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Low sodium no-churn lemon ice cream

Dori Sanders' famous recipe without the salt and with just a little less sugar. There are only five ingredients and everything comes together in one bowl. What more could you ask for?

Servings: Makes about 3 cups Sodium: 130 mg for the entire recipe Time: 15 minutes prep, about 5 hours total freezing time


1 tablespoon lemon zest

1/4 cup lemon juice

3/4 cups sugar

1 cup whole milk

1 cup heavy cream

1) Combine all the ingredients in a large metal bowl (one that will fit in your freezer) and whisk until the sugar is dissolved. I used about 3 medium-sized lemons to get a full tablespoon of zest and the 1/4 cup of juice. If you don't have whole milk but still want the ice cream to be nice and creamy, add just a little more cream (about 2 tablespoons) and just a little less milk (about 2 tablespoons) so you still end up with 2 cups of milk/cream together.

The original recipe calls for 1 cup of sugar but I cut it down to 3/4 cup and find it’s still plenty sweet. Your lemon juice can really influence how much sugar you need- a more tart lemon may need more sugar. So I usually start with 1/2 cup sugar and then add more to taste. Once you start to freeze the ice cream it’s hard to add more sugar.

2) Cover the bowl with aluminum foil and freeze. The next step is to stir the ice cream once it starts to solidify around the edges but is still mushy in the middle. Dori Sanders' recipe says to do this just once, at the 2-3 hour mark. But I found that the edges start to freeze after just an hour so I do it 3 times, at around the 1, 2, and 3 hour marks. After 1 hour, just the edges will be frozen and the middle will still be quite liquid. After 2 hours, you'll have thicker ring of solid cream around the edges and the middle will be more slushy. After the third hour, there surface is solid but it's still soft and mixes easily. Once you mix after the third hour, leave the mixture to freeze completely for a few hours (takes a good 6-7 hours for me, but the timing will depend on the size of your bowl). To be safe, make this the day before you plan on serving it.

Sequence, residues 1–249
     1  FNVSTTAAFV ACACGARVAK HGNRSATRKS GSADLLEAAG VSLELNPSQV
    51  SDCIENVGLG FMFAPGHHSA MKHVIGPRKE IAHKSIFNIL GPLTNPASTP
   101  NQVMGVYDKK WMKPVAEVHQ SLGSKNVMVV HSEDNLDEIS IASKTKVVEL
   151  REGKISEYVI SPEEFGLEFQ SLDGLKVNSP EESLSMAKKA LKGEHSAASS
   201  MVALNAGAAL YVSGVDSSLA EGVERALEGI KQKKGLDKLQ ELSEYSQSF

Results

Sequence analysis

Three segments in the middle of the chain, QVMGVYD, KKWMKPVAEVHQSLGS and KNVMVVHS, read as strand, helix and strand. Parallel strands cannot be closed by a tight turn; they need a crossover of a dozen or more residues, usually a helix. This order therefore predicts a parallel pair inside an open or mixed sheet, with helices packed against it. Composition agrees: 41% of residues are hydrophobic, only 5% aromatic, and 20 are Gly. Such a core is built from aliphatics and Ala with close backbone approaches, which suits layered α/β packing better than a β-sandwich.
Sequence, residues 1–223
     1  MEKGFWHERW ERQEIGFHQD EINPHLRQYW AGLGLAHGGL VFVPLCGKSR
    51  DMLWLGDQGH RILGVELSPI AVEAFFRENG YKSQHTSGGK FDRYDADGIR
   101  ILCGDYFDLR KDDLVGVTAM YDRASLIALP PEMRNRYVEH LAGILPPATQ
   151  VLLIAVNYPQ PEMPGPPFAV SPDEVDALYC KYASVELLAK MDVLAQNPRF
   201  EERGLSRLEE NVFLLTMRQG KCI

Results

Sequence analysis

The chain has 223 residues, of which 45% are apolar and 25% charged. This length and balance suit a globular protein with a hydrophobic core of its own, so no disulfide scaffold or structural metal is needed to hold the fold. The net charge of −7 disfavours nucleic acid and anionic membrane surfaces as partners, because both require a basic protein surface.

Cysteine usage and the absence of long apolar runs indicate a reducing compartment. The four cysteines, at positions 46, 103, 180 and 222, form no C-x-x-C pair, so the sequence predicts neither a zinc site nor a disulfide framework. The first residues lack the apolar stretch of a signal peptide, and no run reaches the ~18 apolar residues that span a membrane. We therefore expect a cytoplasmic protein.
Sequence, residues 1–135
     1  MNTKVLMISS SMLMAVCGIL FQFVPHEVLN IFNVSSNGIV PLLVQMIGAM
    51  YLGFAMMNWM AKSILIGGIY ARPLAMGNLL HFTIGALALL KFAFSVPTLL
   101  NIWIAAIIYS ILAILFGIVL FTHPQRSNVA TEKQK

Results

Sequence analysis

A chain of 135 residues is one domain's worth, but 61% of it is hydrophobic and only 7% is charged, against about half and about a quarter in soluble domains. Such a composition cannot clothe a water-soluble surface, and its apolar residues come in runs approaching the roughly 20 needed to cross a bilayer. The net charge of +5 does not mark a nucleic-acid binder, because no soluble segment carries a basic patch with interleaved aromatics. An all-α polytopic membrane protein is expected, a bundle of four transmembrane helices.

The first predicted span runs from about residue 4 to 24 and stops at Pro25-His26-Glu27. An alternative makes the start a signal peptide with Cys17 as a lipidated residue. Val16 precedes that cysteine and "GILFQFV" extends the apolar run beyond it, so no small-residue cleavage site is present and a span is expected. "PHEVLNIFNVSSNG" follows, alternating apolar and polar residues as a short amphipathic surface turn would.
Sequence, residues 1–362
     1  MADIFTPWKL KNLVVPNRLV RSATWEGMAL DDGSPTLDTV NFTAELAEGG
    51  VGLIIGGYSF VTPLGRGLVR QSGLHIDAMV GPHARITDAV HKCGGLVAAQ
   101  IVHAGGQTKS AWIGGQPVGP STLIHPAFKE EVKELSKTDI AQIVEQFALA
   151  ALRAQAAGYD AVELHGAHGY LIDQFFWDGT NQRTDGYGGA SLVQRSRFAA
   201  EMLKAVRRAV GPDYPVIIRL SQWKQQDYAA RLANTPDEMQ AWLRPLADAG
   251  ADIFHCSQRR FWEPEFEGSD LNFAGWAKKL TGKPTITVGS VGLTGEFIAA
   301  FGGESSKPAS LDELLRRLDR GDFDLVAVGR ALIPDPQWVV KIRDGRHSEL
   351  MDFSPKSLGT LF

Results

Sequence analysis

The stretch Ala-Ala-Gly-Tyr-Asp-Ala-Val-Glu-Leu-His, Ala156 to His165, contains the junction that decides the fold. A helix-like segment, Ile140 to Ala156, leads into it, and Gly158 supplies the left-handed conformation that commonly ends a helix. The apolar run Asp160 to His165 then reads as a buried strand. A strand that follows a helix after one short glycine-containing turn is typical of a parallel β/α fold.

To store, place a film of plastic wrap flush against the surface of the ice cream so it doesn't dry out, and then cover the bowl with foil.


-I use a heavy cream that is ultra-pasteurized with 0 sodium so the sodium comes just from the milk (and very, very trace amounts from lemon juice). Most every other heavy cream I've seen has 5 mg of sodium per tablespoon. That said, I'm sure there's some sodium in the cream I'm using. Under the FDA's labeling requirements (at 21 CFR 101.61), food can be labeled "sodium free" if it has less than 5 mg of sodium per serving. One cup of cream is 16 servings so that's something to consider when you're thinking about how much sodium you're consuming, even when a product is "sodium free."

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